I'm Going Up The Country Where The Water Tastes Like Wine
Some things I learned from this weekend's theatre retreat:
- "First to arrive/last to leave" means maximum hot-tub usage
- Cooking breakfast for 18 people will result in your taking home lots of leftovers
- With no impending crises to deliberate, there will be a lot of time left over to talk about things like, "what kind of art do we want to make?"
- Watching people get accidentally sprayed by water jets because they've bailed too much water out of the hot-tub is pretty funny
- Spilling water all over the hot-tub controls will not necessarily kill you, but it will make the hot-tub stop working for a while
- As a corollary to the above, being the only one who seems to be able to get the hot-tub to work again will make you VERY popular
- Some people can't tell the difference between Sarah Palin and Tina Fey as Sarah Palin
- When a tipsy much younger woman with self-image issues asks you if you think they're "cute", always answer, "yes", but with the understanding you must then try to delicately avoid stepping on as many of the inevitable emotional IED's that will be suddenly strewn in your path as possible
- Everybody loves bacon, absolutely everybody, including Jews and vegetarians. This does not mean they will necessarily EAT the bacon, but they WILL love it, nonetheless
- If you watch your friends playing a seemingly incomprehensible dice game long enough, eventually you will be able to explain the rules to someone else, without even really realizing you've learned them yourself
- Do not EVER engage in a hot-tub version of "Truth or Makeout" with four women EVER, under any circumstances. You WILL regret it (some lessons we learn on behalf of the less fortunate)
- A hot-tub is an essential ingredient for a successful retreat
- A shark-attack can happen ANYWHERE, even miles from the nearest body of salt water
- The stars are still much brighter in the country than in the city
- No one will complain about YOUR snoring if: A.) there's an even louder snorer in the party; and B.) you sleep in your bus
- Having a baby around will not necessarily add to the discussion, but it will occasionally provide a welcome distraction. And sometimes, the noises the baby makes will actually be a pretty good representation of what you yourself are thinking at that moment
- Contemplating eating nearly an entire half-gallon of left-over ice cream because you have no room in your freezer is not nearly as tempting as it sounds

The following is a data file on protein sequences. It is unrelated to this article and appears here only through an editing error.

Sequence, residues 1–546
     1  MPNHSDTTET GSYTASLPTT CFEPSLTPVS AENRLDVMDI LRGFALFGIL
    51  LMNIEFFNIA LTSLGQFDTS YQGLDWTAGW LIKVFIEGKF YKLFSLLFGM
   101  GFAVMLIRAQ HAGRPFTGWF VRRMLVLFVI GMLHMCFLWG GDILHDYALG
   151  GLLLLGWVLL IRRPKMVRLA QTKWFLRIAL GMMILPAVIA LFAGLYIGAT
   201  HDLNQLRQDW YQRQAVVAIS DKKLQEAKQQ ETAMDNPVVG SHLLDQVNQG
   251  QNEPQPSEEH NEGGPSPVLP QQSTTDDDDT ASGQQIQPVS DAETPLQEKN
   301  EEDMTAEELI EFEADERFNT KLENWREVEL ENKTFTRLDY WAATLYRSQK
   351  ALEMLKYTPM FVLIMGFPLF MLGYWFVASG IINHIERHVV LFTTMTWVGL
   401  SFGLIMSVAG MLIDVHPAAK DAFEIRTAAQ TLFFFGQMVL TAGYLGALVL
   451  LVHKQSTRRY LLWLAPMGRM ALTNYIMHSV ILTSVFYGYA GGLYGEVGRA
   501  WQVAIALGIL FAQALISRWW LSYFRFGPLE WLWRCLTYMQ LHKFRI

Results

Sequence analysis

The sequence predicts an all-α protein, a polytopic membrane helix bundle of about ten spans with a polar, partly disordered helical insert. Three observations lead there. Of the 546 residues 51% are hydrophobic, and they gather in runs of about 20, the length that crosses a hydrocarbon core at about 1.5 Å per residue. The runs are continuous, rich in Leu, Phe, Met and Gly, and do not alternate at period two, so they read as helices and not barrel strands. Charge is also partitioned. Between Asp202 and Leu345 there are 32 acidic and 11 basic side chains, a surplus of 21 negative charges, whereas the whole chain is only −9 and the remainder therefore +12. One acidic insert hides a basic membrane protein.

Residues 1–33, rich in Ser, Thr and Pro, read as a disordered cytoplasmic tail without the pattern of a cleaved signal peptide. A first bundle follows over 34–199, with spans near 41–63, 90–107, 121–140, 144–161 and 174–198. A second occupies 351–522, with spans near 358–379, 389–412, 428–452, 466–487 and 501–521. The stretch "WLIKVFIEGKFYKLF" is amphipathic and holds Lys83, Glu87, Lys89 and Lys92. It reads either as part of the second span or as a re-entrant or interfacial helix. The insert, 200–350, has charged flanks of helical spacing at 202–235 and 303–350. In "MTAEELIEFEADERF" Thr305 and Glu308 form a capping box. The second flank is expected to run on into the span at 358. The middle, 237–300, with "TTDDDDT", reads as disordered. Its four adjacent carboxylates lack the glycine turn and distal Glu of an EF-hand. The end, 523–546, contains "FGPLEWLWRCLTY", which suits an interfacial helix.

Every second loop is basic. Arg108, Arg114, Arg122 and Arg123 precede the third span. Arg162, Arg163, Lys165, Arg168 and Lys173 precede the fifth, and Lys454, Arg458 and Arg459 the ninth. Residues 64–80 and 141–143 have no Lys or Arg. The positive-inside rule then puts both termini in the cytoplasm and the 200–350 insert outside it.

I got a mention in Playbill Magazine (for those of you not in-the-know, Playbill is THE New York theatre magazine/program you get at pretty much every Broadway show, plus a lot of other smaller NYC theatres as well. Not that THIS listing will appear there, but - who knows?)
And okay, it's really all about the author (as it should be), but what the heck.
Just got my new prescription glasses in the mail yesterday afternoon.
Hoo-boy, either my vision has REALLY deteriorated in the past couple of years, or else my last optometrist (whom I only visited one time) completely botched my previous 'script.
I was advised by my new eye doc that it would take a few days to adjust to the different settings, but right now I feel like I'm looking at the world in perpetual Cinemascope; there's a definite "curvature" to my field-of-view right now; sort of like looking out through the inside of a fish-bowl or space helmet (somewhat appropriate, given my current circumstances.)
Still, I must admit, the peripheral vision in my left eye (the one with the double-astigmatism) does seem to be vastly improved. On the other hand, the increased magnification on the lower part of my bi-focals is going to take some getting used to, as it's about two-thirds more powerful than before.
I Kicked The Blankets On The Floor, Turned My Pillow Upside Down
Had our first "stumble-through" of the show last night, and - things went pretty okay. There are some blocking adjustments I need to make, and we've still got a long way to go in terms of the cast really nailing the complexities of some of the sub-text (all of this probably sounds like gobbledygook to those of you not familiar with "theatre lingo" I'm sure), but it was good to have the entire thing up on its feet and run it in continuity, rather than the more randomized rehearsals we've had to-date.
Also, Mike and his director/wife/partner-in-crime Jean Michelle were in attendance last night, and they gave me some valuable insights and observations regarding various aspects of the production, both aesthetically, technically, and artistically, which we'll begin to incorporate during the next round of rehearsals.